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Putting gender at the heart of pandemic response


Woman entrepreneur putting gender at the heart of pandemic response

  • The most vulnerable groups, including women, are being hardest hit by COVID-19. Leadership roles for women must be part of the pandemic response.
  • Marysela Zamora’s Nosotras Women Connecting International is providing women with new digital training, equipping them to thrive in business despite the crisis.
  • The company’s unique storytelling platforms empower the next generation of female leaders, including 16 politicians from across Latin America so far.

When COVID-19 hit Costa Rica, Marysela Zamora’s response was to find opportunity in the crisis. “At the very start, I was scared. Everything I do is about bringing people together. But then I realized: this is an opportunity for us to create a new reality,” she said. “This is an unprecedented moment to put gender equality and inclusion at the core.”

To support women in response to the pandemic, her business, Nosotras Women Connecting International, launched a new two-week digital training program to help women thrive in their businesses while working remotely. Morning sessions focus on networking and business building; evening sessions focus on self-care, community building, and leadership.

Marysela’s company is one of seven winners from among 2,400 applicants to the World Bank Group’s annual SDGs&Her competition. In partnership with UNDP, UN Women, and the Wharton School Zicklin Center, the competition supports women entrepreneurs around the world, so that they can thrive in their businesses while helping achieve the Sustainable Development Goals (SDGs). 

Since COVID-19 hit, the World Bank Group has taken fast action to help strengthen the global pandemic response. Projects are deploying $160 billion in financing, with support tailored to the health, economic, and social shocks countries are facing.

Changing the narrative to change your story

Especially during the pandemic, Marysela believes women must be better represented in leadership roles, thus supporting SDG 5 in Achieving Gender Equality. In 2020, women still account for only 20% of the officials in national parliaments and 36% in local governments. “Too often, women are not including in the decision making processes,” she said, adding that her company’s programs help empower women through storytelling.

“The power of a story can change people’s minds. The moment you hear a woman talking about the struggles she faced as president, you realize these are the same ones you face, just on a different scale. You begin to see what is possible,” Marysela says.  To date,

Nosotras Women Connecting has hosted five international summits for around 7,000 young leaders, and created tailor-made programs like LAB Nosotras Lideresas, empowering 120 entrepreneurs and 16 politicians from across Latin America and Kenya.

Working to empower girls is also critical to the organization’s mission. Nosotras has joined UNICEF Costa Rica to create Generación Valentía, a platform that uses a digital character, a 15-year-old girl named Valentía, to depict how powerful ideas can change the world for the better.  It is connecting 150 women aged 14-24 and supporting them in becoming change agents within their communities.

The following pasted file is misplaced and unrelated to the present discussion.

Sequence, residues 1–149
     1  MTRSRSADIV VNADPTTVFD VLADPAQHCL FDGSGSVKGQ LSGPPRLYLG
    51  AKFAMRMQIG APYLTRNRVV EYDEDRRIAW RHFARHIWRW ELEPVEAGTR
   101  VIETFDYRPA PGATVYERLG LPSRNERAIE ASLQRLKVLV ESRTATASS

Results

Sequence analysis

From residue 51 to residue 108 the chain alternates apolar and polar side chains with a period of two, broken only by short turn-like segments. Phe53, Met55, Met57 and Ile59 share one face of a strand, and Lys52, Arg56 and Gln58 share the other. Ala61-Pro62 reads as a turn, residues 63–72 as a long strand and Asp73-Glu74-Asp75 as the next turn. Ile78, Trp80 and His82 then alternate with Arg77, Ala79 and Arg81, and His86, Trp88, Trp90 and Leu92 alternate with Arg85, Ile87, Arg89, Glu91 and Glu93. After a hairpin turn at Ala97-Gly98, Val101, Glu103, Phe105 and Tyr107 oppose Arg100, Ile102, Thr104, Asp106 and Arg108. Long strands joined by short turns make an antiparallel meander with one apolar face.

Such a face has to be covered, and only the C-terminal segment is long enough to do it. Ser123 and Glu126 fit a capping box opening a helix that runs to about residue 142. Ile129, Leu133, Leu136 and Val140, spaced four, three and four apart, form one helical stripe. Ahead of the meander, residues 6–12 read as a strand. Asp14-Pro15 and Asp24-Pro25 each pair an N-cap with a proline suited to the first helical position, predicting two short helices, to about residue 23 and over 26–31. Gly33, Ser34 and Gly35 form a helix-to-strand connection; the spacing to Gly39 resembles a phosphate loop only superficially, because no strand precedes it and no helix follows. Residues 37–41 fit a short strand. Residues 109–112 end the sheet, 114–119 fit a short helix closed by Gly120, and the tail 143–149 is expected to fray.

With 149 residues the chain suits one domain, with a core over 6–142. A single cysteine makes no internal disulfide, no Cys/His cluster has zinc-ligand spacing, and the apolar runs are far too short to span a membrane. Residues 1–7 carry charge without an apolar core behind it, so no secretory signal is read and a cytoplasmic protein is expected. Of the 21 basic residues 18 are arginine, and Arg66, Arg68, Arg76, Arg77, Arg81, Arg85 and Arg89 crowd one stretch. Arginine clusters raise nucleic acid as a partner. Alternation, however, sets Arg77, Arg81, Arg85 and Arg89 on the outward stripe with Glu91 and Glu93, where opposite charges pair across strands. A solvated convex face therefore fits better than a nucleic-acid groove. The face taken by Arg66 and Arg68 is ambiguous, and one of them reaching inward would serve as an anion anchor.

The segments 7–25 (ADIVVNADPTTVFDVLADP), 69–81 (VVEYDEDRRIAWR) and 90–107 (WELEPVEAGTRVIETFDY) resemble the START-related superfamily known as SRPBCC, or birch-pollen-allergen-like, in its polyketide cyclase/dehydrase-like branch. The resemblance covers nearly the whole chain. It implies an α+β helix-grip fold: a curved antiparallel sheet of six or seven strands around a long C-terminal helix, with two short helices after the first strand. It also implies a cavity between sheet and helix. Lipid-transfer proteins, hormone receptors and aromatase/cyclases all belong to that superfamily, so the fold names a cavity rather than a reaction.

Building a community to build change

The most vulnerable groups, including women, are being hardest hit by the pandemic. Marysela’s work to build new communities of powerful women supports SDG 10, Reduced inequalities.  With more than 90% of COVID-19 cases in urban areas, her business also brings together diverse women from all backgrounds and locations, supporting SDG Goal 11 to build more Sustainable cities and communities.

“Back in 2014, I felt my life was on a bad path,” explained Marysela. She is among one in three women globally who have experienced violence in a relationship. “But I didn’t want it to go on that way. I thought about how I could change my narrative, and then support other women, so that others would not have to feel alone and isolated like I did.”

“We see that our programs bring change,” she said. “Women have changed their story, because they know other women who have already done it. They overcome fear as a result. That is how we inspire leaders of today and create leaders for tomorrow. We all need as many allies as possible to make our work impactful. We realize that when a woman doesn’t have an opportunity, her whole community is affected.”

Marysela believes that Nosotras Women Connecting will become a global movement of women supporting women to change this situation, helping achieve gender equality and empower all women and girls. “One of my strengths is in making people dream with me, then bringing them together to make those dreams a reality. I don’t have all the answers. I don’t know how to do everything. But by networking, I know somebody that probably does,” she said.

About SDGs&Her:

In 2015, all 193 United Nations member countries signed on to 17 Sustainable Development Goals (SDGs) to "create the future we want in 2030.” SDGs&Her is an online competition for women entrepreneurs to showcase how they are supporting the Sustainable Development Goals (SDGs) through business leadership.

Putting Gender at the Heart of the Pandemic Response in Costa Rica

Do you think the pandemic response needs more women leaders? You’re not alone: join SDGs and Her competition winner for Latin America and the Caribbean and North America Marysela Zamora. She is bringing Nostoras Women Connecting digital courses and storytelling workshops to empower women and girls through networking opportunities and leadership skills training, leading global change for a more equitable world.